IMF warns of fresh crisis over Europe debt woes

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The IMF predicts growth of 6.4 percent in developing economies this year and 6.1 percent next year, down from 6.6 percent and 6.4 percent forecast in June.

Richer nations will grow 1.6 percent this year instead of the 2.2 percent expected in June, and 1.9 percent next year instead of 2.6 percent, the IMF said.

Japan was the only Group of Seven economy to have its forecast raised for this year, with the IMF now predicting a 0.5 percent contraction, compared with a 0.7 percent decline in June. Growth in 2012 should reach 2.3 percent, 0.6 percentage point less than in June.

In the euro area, where the IMF cut its prediction to 1.6 percent from 2 percent this year and to 1.1 percent from 1.7 percent next year, injecting capital into banks and restructuring or closing down others is “essential,” the IMF said.

The IMF is “very worried” that banks will seek to increase their capital buffers “by decreasing the assets that they hold, by deleveraging, which would lead to a decrease in bank lending and a credit crunch,” Blanchard said.

The European Central Bank should lower interest rates if risks to growth persist from the current benchmark of 1.5 percent.

Asked about the ECB’s sovereign bond purchases, Blanchard said the bank is playing a “very important role” in making sure Italy’s borrowing rates remain low and its debt sustainable.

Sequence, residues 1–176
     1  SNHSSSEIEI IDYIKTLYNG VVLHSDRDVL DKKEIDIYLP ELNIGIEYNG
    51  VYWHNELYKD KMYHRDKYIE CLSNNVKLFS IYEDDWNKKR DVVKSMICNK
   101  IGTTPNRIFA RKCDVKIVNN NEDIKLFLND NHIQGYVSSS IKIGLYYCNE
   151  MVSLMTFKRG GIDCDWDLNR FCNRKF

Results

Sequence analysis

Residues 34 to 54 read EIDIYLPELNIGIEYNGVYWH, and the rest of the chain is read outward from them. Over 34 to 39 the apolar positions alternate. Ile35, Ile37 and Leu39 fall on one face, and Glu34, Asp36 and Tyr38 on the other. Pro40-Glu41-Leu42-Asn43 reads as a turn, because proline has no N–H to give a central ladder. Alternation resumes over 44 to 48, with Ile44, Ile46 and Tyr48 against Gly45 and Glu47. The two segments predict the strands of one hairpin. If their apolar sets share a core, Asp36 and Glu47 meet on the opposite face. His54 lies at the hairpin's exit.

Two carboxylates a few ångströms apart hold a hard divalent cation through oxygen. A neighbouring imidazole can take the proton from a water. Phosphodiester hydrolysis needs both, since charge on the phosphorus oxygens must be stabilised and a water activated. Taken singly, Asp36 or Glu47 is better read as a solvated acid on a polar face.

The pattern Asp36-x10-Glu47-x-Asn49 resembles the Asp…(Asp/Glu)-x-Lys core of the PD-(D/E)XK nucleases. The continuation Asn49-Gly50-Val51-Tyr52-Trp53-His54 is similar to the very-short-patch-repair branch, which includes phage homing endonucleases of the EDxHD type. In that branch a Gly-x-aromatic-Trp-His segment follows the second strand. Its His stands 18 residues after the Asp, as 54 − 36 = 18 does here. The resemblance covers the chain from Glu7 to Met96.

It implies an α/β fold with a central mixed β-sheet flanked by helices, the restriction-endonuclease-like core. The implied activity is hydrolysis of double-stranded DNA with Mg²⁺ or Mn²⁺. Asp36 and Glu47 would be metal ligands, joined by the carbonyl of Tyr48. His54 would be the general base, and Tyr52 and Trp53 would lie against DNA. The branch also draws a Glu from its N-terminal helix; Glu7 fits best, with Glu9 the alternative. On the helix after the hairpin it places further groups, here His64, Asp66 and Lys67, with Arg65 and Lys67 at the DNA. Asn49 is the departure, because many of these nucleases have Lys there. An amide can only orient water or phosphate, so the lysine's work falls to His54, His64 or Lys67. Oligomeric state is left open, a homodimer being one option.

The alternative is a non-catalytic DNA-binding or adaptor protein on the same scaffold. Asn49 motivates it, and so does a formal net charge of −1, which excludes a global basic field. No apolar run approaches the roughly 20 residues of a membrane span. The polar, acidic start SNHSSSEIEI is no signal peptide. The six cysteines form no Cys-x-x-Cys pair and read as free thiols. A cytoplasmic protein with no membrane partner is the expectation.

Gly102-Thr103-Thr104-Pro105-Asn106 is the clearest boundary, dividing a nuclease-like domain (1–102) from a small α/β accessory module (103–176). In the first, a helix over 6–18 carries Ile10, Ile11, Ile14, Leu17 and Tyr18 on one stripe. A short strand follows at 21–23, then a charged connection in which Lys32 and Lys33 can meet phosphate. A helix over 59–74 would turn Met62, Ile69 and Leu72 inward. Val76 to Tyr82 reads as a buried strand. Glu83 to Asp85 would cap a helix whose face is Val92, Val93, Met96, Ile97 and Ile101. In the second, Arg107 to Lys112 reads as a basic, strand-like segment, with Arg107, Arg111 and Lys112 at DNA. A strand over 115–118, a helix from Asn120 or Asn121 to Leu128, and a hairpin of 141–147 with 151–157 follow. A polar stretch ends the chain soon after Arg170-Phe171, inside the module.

In its downside scenario, the IMF assumes that banks need to absorb losses resulting in a 10 percent decrease of their capital as a result of “major financial turbulence in the euro area, combined with a downscaling of expectations for US medium-term growth prospects and real-estate-related financial stress in emerging Asia.”

In the US, where the IMF now sees expansion of 1.8 percent next year as the housing market also weighs on the recovery, the fiscal plan is a priority, the IMF said. The Federal Reserve should also stand ready to “deploy new unconventional support for the economy.”

The IMF urged emerging economies to roll back fiscal deficits and to continue raising interest rates, though situations vary across countries. It said that China’s currency remains “substantially undervalued.”

The IMF now assumes oil at $103.20 a barrel in 2011, based on the average prices of U.K. Brent, Dubai and West Texas Intermediate crudes, compared with $106.30 in June.

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